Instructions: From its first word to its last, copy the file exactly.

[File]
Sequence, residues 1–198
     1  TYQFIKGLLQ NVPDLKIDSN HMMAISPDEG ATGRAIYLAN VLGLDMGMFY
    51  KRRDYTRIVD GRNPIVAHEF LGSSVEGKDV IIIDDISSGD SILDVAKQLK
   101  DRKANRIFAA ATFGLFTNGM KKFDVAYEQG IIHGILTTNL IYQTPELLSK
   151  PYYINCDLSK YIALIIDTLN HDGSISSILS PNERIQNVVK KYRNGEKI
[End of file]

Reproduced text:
Sequence, residues 1–198
     1  TYQFIKGLLQ NVPDLKIDSN HMMAISPDEG ATGRAIYLAN VLGLDMGMFY
    51  KRRDYTRIVD GRNPIVAHEF LGSSVEGKDV IIIDDISSGD SILDVAKQLK
   101  DRKANRIFAA ATFGLFTNGM KKFDVAYEQG IIHGILTTNL IYQTPELLSK
   151  PYYINCDLSK YIALIIDTLN HDGSISSILS PNERIQNVVK KYRNGEKI